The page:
Chief Justice Murray Sinclair, chair of the TRC, says that the most common statement the commission heard from the public was: "I didn't know any of this, and I acknowledge that things are not where they should be, and that we can do better. But what can we do? What should we do?" This collection of fifteen true stories of real reconciliation by both Indigenous and Non-Indigenous Canadians is in response to that question. Written by journalists, writers, academics, visual artists, filmmakers, a city planner, and a lawyer, each of these writers expound on their 'light bulb moments' regarding Canada's colonial past and present.
In 1867, Canada’s federal government became responsible for the education of Indigenous peoples: Status Indians and some Métis would attend schools on reserves; non-Status Indians and some Métis would attend provincial schools. The chapters in this collection – some reflective, some piercing, all of them insightful – show that this system set the stage for decades of broken promises and misguided experiments that are only now being rectified in the spirit of truth and reconciliation. The contributors individually explore what must change in order to work toward reconciliation; collectively, they reveal the possibilities and challenges associated with incorporating Traditional Knowledge and Indigenous teaching and healing practices into school courses and programs.
Pamela Toulouse provides current information, personal insights, authentic resources, interactive strategies and lesson plans that support Indigenous and non-Indigenous learners in the classroom. This book is for all teachers that are looking for ways to respectfully infuse residential school history, treaty education, Indigenous contributions, Indigenous perspectives, and sacred circle teachings into their classrooms.
Since the 1980s successive Canadian institutions, including the federal government and Christian churches, have attempted to grapple with the malignant legacy of residential schooling, including official apologies, the Royal Commission on Aboriginal Peoples, the Indian Residential Schools Settlement Agreement, and the Truth and Reconciliation Commission (TRC). In this book, Miller reveals a major obstacle to achieving reconciliation--the inability of Canadians at large to overcome their flawed, overly positive understanding of their country's history.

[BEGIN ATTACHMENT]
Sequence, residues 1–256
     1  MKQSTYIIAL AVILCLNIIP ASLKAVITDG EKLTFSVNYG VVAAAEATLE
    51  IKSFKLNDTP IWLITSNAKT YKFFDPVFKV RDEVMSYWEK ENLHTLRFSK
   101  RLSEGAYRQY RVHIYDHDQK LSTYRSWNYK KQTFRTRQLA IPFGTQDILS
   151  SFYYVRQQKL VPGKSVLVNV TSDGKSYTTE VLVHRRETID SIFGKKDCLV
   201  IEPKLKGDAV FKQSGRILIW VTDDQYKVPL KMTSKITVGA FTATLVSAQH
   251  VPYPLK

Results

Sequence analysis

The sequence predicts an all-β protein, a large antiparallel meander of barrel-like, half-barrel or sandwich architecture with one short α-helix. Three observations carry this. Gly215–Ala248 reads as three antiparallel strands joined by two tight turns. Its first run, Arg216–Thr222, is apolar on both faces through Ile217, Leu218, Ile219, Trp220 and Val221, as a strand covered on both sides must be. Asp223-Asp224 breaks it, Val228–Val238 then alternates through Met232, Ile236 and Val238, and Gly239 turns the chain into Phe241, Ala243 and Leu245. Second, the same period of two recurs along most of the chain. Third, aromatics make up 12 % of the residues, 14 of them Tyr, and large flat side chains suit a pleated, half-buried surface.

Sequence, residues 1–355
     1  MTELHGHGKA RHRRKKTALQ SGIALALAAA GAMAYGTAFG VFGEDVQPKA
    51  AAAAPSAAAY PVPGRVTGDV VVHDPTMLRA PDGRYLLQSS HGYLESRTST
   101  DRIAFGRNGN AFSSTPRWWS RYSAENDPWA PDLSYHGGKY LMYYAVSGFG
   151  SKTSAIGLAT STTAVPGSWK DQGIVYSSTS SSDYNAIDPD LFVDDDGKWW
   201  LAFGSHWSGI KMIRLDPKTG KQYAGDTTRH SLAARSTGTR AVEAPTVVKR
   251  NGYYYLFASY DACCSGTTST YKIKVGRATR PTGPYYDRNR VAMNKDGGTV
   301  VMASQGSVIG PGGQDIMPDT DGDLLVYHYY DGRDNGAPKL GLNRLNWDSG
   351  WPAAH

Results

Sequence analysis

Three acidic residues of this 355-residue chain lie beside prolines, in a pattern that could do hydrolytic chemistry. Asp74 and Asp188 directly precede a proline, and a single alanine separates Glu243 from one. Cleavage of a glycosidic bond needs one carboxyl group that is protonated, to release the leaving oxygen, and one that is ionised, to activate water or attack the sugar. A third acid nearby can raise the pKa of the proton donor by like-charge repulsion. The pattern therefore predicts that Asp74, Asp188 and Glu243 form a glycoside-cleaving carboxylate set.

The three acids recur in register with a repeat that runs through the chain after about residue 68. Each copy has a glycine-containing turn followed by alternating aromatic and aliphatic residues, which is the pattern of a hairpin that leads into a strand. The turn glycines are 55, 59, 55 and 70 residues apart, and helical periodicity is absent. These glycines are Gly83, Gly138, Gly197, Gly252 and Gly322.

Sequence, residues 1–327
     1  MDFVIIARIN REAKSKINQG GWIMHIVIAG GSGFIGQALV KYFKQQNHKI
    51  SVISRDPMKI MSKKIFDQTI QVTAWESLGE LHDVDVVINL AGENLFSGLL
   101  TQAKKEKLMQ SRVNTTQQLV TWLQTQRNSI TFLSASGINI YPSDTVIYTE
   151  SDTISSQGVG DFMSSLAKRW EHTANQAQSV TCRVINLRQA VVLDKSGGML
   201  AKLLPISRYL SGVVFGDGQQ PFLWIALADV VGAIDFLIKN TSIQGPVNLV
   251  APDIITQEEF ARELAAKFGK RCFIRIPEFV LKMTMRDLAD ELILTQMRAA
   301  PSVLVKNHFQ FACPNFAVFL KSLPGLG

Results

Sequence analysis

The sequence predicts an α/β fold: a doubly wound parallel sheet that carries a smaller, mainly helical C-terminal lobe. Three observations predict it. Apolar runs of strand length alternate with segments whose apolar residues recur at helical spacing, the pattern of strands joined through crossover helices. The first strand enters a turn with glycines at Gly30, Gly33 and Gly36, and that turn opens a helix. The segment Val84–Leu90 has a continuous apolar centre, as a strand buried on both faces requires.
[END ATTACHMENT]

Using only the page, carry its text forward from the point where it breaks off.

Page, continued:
With the goal of permanently transforming Indigenous young people into Europeanized colonial subjects, residential schools were ultimately a means for eliminating Indigenous communities as obstacles to land acquisition, resource extraction, and nation building. The genocidal project inherent in these boarding schools, however, did not unfold in either the United States or Canada without diversion, resistance, and unintended consequences.
Power through Testimony documents how survivors are remembering and reframing our understanding of residential schools in the wake of the 2007 Indian Residential Schools Settlement Agreement, which includes the Truth and Reconciliation Commission, a forum for survivors, families, and communities to share their memories and stories with the Canadian public.